There has been an insider discussion the past week or so on a turn of events at Bryan College, a small Christian college located in the equally small town of Dayton, TN. If the name of the college sounds familiar or the town rings a bell of curiosity, it’s because it was in Dayton, TN that the one of the most famous court cases in history took place: The Scopes Monkey Trial, where in 1925 William Jennings Bryan prosecuted John Scopes for the teaching of evolution. This led to the inception of Bryan College and the legacy of that event is quite evident for anyone who spends even a remote amount of time on the campus. It’s proud of its heritage, as it arguably should be. But beyond the legacy of creationism, Bryan has traditionally been open to conversation, discussion, and varied legitimate opinion on the issues surrounding Genesis 1-11. That is to say, despite an atmospheric leaning towards literalistic readings of Genesis, Bryan has never insisted any centrality of those literal readings to its identity…until two weeks ago.
Bryan has recently made a move to “clarify” their Statement of Faith in such a way that it has the whole campus, students, staff, and faculty caught up in controversy. And now the public eye. Why? Whereas the administration defends its position by an appeal to “clarification” as to what the original statement of faith intends to say, many are suggesting that this is–indeed–a significant “change” and one which will ultimately schism much of the school, cause faculty and staff to lose their jobs, and limit the scope of honest learning (much less conviction). The original statement of faith reads, concerning creation:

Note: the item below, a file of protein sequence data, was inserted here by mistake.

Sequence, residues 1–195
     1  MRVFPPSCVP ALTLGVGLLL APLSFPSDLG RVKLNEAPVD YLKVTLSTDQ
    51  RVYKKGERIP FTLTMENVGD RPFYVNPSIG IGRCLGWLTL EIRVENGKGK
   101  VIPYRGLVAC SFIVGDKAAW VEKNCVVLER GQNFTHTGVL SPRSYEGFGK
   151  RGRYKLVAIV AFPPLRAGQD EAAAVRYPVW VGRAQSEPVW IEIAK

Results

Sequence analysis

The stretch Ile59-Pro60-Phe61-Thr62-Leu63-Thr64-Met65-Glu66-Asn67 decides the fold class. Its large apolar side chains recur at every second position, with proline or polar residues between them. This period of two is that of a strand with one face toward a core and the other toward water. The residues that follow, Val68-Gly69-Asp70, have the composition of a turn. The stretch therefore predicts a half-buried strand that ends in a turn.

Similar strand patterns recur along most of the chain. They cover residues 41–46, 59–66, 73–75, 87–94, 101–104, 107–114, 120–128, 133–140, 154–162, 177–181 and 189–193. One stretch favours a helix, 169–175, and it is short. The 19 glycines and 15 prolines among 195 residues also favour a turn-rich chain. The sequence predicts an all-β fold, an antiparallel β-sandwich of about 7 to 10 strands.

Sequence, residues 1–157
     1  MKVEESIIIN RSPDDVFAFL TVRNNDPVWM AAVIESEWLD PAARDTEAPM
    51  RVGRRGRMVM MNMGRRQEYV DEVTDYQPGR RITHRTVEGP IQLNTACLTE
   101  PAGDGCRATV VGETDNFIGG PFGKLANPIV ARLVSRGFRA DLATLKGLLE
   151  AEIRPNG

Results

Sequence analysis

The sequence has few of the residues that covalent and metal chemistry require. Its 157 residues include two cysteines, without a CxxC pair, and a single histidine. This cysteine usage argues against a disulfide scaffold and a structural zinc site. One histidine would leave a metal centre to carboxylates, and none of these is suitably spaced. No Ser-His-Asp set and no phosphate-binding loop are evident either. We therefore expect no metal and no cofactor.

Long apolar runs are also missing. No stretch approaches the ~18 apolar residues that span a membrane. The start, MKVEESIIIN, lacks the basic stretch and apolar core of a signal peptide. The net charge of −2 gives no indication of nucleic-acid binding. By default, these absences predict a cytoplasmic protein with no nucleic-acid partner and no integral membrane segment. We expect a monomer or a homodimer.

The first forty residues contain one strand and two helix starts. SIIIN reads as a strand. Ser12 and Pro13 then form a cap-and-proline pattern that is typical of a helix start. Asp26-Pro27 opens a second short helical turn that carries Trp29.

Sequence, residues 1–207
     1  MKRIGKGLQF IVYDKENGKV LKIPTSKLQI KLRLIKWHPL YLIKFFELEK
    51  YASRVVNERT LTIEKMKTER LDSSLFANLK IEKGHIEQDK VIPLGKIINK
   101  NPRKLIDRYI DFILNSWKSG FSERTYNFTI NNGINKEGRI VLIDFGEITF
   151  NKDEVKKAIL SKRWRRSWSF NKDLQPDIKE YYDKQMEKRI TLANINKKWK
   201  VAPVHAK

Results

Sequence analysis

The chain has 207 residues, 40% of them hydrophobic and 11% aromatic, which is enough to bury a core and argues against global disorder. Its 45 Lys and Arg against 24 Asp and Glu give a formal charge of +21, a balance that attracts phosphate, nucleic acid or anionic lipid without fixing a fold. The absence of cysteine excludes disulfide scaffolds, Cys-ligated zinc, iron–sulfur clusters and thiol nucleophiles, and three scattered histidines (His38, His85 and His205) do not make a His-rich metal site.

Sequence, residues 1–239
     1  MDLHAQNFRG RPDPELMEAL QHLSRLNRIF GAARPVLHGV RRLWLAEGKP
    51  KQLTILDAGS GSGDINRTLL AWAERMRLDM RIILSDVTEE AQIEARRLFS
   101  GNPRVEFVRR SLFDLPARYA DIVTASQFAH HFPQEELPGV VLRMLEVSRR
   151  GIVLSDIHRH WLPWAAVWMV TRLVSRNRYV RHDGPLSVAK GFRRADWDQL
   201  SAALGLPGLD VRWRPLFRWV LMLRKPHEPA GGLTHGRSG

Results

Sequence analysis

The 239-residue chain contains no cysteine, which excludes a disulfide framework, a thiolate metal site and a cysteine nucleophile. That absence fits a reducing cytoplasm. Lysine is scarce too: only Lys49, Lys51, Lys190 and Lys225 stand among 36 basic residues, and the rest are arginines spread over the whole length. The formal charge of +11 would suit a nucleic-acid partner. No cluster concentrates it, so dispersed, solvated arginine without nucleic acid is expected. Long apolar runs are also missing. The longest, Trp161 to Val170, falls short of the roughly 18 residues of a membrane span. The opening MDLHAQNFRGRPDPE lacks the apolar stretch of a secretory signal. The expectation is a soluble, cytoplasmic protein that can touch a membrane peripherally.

“…that the origin of man was by fiat of God in the act of creation as related in the Book of Genesis; that he was created in the image of God; that he sinned and thereby incurred physical and spiritual death;”
The recent change to the Statement of Faith, however, reads:
“We believe that all humanity is descended from Adam and Eve. They are historical persons created by God in a special formative act, and not from previously existing life forms.”
If one is not convinced that this really represents a “change”, one merely needs to ask how in the world–if the original statement of faith carried this meaning implicitly–does it have so many faculty members in danger of losing their jobs? It seems the only two answers available are 1) Either the school has simply been extremely inconsistent in its hiring of faculty over the years and–either by apathy or ignorance–failed to really know the convictions of its own professors or, 2) This really is what it appears to be: a “change.” What the new Statement of Faith does is preclude any faculty or staff opinions that hold to anything other than a young life position, which is largely rooted in a young earth worldview. Still, while the school is committed to teaching “about” alternative theological options, like the various forms of theistic evolution (some even espoused by Intelligent Design theorists), it is beyond allowance of payed staff or faculty to adopt any of these positions…at least if you want to keep your job.